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Worn motors, defunct fuses, loose connections, stuck chains, bad transformers, stalled handrails, a kaput motherboard, misaligned rollers, and old brushes: these are a few of the things that stalled BART escalators in January.

They stopped for routine maintenance, too.

I ride BART to and from 16th Street nearly every weekday, enough that I think I have a good idea when the escalator is down.

It seemed to my amateur eye that the street escalator on the northeastern corner has been out of service for a long time, and last week I stopped a service employee to ask about it.

The service guy – who said he was doing routine maintenance at about 5 p.m. on a weekday evening – mentioned that safety mechanisms made it easy to jam the escalator. Gum or a small piece of food dropped by a pigeon can mean bad news.

Because 16th Street BART is all about gum, pigeons, and public urination, its street escalator probably sees more than its fair share of hazards.

The escalator is also outside and open to the elements.

Given the stresses, are 16th Street’s escalators the most frequently downed in the system?

I called BART to ask.

“BART has not installed any safety devices on its escalators that make them less reliable. They have, in fact, made the escalators safer,” wrote James K. Allison, BART’s multimedia managing producer, in an email.

BART doesn’t keep stats on the individual escalators, he said. However, there are numbers tracked station by the station.

BART escalators were available almost 97 percent of the time over the fourth quarter of 2009.

Escalators at 16th Street had 92 hours of downtime in January, in part to install a new transformer. That’s about 12 percent of the time, if it was one escalator. Of course, that’s only 3 percent if averaged over the four escalators at the station.

Over January, four stations had more downtime than 16th Street, and 12th Street in Oakland was the longest, at 651 hours downtime for a major repair.

Nine street escalators account for 43 percent of the nearly 3,000 hours of escalator downtime in January. Street escalators were – as one might expect – more likely to experience downtime than those leading to platforms.

Allison said it was a tossup for the weirdest reason an escalator went out of service, according to BART escalator maintenance memory.

A drunk once decided to sit for the ride down. His buttocks touched the comb teeth, and when he reached the bottom, the teeth penetrated his skin. Stuck and bleeding, he needed the fire department to come and free him.

Tied with the drunkard’s rear is an entire woman’s dress that was removed from one of the steps.

“My question was, where was she?” Allison wrote.

Anrica Deb

Anrica is a science reporter and twice Cal grad, with a degree in engineering and a master of journalism. She's a Bay Area native and lives in Oakland. She's enjoyed wide-ranging professional endeavors,...

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  1. Their downtime rule doesn’t make sense, given that the East escalator at Embarcadero hasn’t worked all of February – well, there was 1 day when it worked in the morning, and then it was down again. And it has been down all of this week.
    BTW, it doesn’t matter if an escalator works from 12am – 5am. It needs to work during the time it’s needed, like peak hours, etc.

  2. I think it’s unfair that the escalators at the 24th st. station always go down on the Inner Mission side and always go up on the Noe Valley side. I asked BART about this and they said they are not required to run the escalators up and down.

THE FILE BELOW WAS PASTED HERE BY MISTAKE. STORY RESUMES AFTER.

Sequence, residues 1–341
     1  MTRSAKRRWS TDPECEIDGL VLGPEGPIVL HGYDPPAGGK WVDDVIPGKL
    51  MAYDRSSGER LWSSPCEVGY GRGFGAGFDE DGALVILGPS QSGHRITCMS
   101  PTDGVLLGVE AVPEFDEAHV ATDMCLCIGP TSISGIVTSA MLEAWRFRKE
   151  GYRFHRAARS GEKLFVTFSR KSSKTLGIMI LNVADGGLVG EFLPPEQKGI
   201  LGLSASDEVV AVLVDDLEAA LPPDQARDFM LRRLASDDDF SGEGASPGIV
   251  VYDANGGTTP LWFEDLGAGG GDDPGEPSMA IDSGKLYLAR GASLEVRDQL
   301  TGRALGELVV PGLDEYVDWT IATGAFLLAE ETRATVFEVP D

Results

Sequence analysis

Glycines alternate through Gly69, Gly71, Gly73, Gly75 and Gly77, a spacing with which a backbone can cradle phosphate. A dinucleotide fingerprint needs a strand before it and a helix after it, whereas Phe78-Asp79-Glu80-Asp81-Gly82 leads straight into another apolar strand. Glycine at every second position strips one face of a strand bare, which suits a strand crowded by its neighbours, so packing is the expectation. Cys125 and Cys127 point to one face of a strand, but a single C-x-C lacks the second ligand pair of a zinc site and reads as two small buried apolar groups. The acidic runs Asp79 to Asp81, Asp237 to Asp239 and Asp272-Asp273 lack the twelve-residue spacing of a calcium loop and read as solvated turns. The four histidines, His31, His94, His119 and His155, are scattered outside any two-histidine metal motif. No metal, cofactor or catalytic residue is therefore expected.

3. No escalators should ever go down. They should only be moving upwards. If you can’t walk down stairs use an elevator of just stay home.

  4. “BART doesn’t keep stats on the individual escalators, he said.”

    Big red flag!

    “BART escalators were available almost 97 percent of the time over the fourth quarter of 2009.”

    Since BART isn’t even open 97% of the time, this is rather unlikely.

  5. Escalators and airport people movers are the most commonly “out of order conveniences” that I see in my travels. I think the safety issue and their constant operation is a weak point.
    They are just that conveniences, please note the appendages which start at your hips and end at the ground they are called legs and feet. The actually disabled use elevators, and the rest of us can use stairs. I am a cardiac patient and when I had pneumonia, I climbed the longest set of stairs out of the London Tube (180 plus steps) It wasa challenge, but it is doable

  6. 4 escalators at 16th street???

    one off the platform
    one in the NE corner
    one in the SW corner

    where’s the 4th?

  7. They schedule routine maintenance to occur on a weekday at 5pm? Brilliant! Some other yahoos probably would have scheduled it for an off-peak hour. What tremendous and bold idiocy!

  8. I think BART should turn off all of their escalators permanently. Consider the electricity they consume. Consider the union labor workforce needed to repair them on a daily basis. Lay them off, and they can fight for MUNI bus driver positions. High school drop-outs unite!

  9. Colin: “If you can’t walk down stairs use an elevator or just stay home.” Well, just wait until your knees start giving out, Mr. Macho! Plus, the elevators are often broken.

  10. Hey derek, the high school drop-outs must include you too. G join the line before it’s too late!

  11. Sounds like BART is taking a page out of my former employer’s book.

    “We don’t track individual escalators, but I can report that at least one escalator at 16th street station has been working 97% of the time. We are declaring SUCCESS.”

    “But the up escalator has been broken for two weeks straight”

    “I SAID SUCCESS, SIR!!!!!”

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